It’s important to understand that moving to a new area or state is not one of the limited circumstances that trigger a special enrollment period for Medigap plans. Unlike other private Medicare plans, there’s no annual open enrollment period for Medigap, and the situations in which people have a guaranteed-issue right to switch to a different Medigap plan are fairly few and far between.5
There’s sometimes a misperception that moving to a new state will give a Medicare beneficiary an opportunity to pick a new Medigap plan in that state (perhaps a different plan design than the one they initially picked when they enrolled in Medicare), but that’s not the case. Basically, as long as you’re allowed to keep your Medigap plan, you’re not going to have a guaranteed issue right to buy a different one instead. You can always choose to apply for a new Medigap plan if you want, but if you’re not in your initial enrollment window or a situation that grants you guaranteed-issue rights, you’ll likely have to go through medical underwriting (i.e., the insurer can reject the application or charge higher premiums based on your medical history). There are some states, however, that have implemented limited guaranteed-issue windows for Medigap plans. If you move to one of those states, you may have an opportunity to switch to a different Medigap plan on an annual basis.6
But if your Medigap policy is a Medicare SELECT plan, one that requires you to use a specific network of healthcare providers, the rules are a little bit different. If you move out of the Medicare SELECT plan’s service area, you have the right to switch to another Medigap policy if you want to. You’ll be able to select any Medigap plan A, B, D, G, K, or L that’s available in your new area (and if you first became eligible for Medicare prior to 2020, you’ll also have the option to enroll in a Medigap Plan C or F; these plans are not available for purchase by people who became eligible for Medicare after the end of 2019).5 The time you’re allowed to switch plans is limited, though, so check with the insurance company that provides your Medicare SELECT policy to make sure you understand the details and follow all of the rules.
Moving When You Have Both Medicare and Medicaid
Of the 62 million Americans who have Medicare coverage, about 12 million also have varying degrees of Medicaid benefits. Medicare is a federally-run program, while Medicaid is jointly run by the federal and state governments. So Medicaid eligibility and benefits vary from one state to another.
If you’re enrolled in both Medicare and Medicaid and you’re going to be moving to a different state, you’ll need to contact the Medicaid office in both your current state and the new state. Once you move out of state, you’ll no longer be eligible to be covered under your old state’s Medicaid program, but you’ll want to make sure you understand how the new state’s Medicaid program works.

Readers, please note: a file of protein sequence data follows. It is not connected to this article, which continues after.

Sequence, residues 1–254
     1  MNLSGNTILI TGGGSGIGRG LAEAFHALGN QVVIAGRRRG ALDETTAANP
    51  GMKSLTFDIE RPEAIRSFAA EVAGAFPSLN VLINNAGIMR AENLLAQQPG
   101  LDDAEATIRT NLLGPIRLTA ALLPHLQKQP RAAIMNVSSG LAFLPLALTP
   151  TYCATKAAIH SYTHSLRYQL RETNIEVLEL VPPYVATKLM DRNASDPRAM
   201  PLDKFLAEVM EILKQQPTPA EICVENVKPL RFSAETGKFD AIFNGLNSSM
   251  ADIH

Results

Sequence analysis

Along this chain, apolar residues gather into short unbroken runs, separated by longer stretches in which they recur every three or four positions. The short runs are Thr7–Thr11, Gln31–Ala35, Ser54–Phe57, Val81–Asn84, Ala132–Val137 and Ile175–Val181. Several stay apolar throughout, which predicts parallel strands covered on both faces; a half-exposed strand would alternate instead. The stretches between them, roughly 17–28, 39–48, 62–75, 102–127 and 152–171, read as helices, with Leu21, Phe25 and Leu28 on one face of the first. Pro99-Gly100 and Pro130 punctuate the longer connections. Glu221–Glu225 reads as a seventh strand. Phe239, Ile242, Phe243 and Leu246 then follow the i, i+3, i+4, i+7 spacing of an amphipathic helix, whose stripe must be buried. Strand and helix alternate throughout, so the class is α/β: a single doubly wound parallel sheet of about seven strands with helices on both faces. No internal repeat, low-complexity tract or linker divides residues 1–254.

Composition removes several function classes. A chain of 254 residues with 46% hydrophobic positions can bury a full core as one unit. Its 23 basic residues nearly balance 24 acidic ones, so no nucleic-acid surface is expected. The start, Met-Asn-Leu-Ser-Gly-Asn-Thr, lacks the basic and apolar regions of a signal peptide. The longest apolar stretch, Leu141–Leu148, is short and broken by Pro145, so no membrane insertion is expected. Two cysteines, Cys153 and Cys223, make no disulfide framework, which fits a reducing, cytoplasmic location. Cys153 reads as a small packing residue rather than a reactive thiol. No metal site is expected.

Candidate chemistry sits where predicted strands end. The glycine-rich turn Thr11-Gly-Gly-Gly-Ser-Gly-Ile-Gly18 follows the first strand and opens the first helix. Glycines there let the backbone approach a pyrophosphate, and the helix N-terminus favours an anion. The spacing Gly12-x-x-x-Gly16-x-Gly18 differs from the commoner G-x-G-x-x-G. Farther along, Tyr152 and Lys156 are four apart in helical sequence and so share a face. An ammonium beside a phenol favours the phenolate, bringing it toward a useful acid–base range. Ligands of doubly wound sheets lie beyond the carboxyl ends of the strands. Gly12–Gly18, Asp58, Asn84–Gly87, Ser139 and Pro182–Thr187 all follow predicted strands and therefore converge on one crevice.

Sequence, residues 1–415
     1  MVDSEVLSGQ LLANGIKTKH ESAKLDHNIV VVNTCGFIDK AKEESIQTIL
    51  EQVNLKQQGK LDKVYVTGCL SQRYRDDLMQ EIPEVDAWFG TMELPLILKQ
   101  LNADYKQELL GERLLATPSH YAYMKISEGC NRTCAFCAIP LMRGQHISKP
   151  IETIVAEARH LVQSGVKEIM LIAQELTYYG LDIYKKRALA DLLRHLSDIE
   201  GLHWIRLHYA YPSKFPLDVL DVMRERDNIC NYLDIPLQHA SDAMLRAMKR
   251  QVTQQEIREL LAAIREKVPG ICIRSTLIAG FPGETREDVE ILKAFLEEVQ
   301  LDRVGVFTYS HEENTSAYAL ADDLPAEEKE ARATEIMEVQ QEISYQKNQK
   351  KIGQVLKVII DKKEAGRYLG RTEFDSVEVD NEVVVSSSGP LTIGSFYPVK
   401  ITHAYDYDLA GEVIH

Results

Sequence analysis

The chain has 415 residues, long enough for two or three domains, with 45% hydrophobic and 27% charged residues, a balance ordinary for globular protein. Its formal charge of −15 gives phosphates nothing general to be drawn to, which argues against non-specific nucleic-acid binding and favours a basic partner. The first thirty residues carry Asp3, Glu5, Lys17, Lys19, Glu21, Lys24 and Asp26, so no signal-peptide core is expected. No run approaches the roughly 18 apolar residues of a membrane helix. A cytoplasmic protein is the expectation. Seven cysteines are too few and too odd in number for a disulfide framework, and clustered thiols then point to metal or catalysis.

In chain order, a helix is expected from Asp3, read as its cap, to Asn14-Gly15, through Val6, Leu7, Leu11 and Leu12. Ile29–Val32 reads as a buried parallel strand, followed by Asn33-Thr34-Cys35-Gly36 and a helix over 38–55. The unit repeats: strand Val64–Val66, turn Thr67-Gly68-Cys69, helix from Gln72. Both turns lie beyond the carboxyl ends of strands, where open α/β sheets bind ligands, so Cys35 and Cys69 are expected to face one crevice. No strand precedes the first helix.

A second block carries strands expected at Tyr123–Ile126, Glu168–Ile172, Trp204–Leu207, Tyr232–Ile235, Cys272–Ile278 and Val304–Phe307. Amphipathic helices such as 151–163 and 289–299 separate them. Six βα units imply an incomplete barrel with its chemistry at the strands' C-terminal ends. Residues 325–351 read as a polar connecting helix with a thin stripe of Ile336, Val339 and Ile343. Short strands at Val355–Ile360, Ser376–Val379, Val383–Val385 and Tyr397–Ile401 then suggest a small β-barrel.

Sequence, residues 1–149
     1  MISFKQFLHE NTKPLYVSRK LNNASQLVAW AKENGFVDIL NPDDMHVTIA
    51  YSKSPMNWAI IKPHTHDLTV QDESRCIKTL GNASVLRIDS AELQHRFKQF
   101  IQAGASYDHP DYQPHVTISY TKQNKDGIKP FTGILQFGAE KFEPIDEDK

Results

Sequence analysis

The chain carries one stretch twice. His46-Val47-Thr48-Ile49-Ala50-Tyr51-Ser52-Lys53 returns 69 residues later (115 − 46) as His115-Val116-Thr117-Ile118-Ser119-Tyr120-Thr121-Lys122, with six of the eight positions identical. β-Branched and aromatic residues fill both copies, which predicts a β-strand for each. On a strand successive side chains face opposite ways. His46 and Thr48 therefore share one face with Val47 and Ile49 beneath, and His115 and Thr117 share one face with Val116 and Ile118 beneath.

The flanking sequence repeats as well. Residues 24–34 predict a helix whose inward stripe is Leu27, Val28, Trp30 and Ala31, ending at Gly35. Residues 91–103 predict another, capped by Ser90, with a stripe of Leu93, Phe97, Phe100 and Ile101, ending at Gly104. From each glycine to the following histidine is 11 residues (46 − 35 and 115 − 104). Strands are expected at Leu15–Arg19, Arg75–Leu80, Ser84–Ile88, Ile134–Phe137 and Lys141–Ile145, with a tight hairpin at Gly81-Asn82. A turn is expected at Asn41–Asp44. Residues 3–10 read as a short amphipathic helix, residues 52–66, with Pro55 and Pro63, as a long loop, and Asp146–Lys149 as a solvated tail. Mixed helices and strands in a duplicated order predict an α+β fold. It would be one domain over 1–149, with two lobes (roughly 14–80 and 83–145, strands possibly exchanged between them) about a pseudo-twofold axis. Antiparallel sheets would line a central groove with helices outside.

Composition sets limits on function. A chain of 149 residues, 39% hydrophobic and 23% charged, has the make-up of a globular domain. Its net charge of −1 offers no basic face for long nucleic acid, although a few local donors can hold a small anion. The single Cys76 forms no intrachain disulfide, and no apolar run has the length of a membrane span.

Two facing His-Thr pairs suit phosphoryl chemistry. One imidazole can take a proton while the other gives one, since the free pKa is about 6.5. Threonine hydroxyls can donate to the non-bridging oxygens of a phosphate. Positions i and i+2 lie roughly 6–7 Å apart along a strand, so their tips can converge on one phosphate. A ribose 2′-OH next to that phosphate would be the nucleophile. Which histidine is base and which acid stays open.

One other point to note: You may have heard about Medicaid expansion under the ACA, and how some states have thus-far rejected expansion. But Medicaid expansion (which bases eligibility only on income, without an asset test) only applies to people up to age 64. For people who are 65 or older—as is the case for the majority of Medicare beneficiaries7—Medicaid expansion rules do not apply. There are still income and asset requirements, nationwide, for Medicaid eligibility if you’re 65 or older.
You need to notify the Social Security Administration of your new address no matter what type of Medicare you have.
If you won’t be able to keep your doctor, you need to choose a new doctor in your new area. Your new primary care doctor may be able to recommend new specialists if needed.
If you change doctors, arrange to have your medical records transferred to the new doctor. Better yet, get copies from your current doctor, and hand deliver them to your new doctor.
Making changes to your Medicare Plan or Medicare Supplement Plan doesn’t have to be complicated if you know what steps to take. Read this to learn more: Medicare: The Difference Between Initial Enrollment Period and Special Enrollment Periods
By David Lasman – “Ask Medicare Dave” | President – Senior Healthcare Team
wwww.SeniorHealthcareTeam.com | 866-333-7340 Selecting the right healthcare plan through Medicare can be overwhelming and downright stressful. Senior Healthcare Team is a nationwide resource that provides guidance and support about Medicare to seniors at no cost to them and helps them to choose the most suitable insurance plan tailored to their specific needs and budget. Our goal is to educate and empower our clients to make the best decisions regarding their healthcare and clear up the confusion of Medicare. At Senior Healthcare Team, we aren’t partial to any one insurance company. Our loyalty is to our clients and our mission is to provide them with the best healthcare options at the very lowest cost.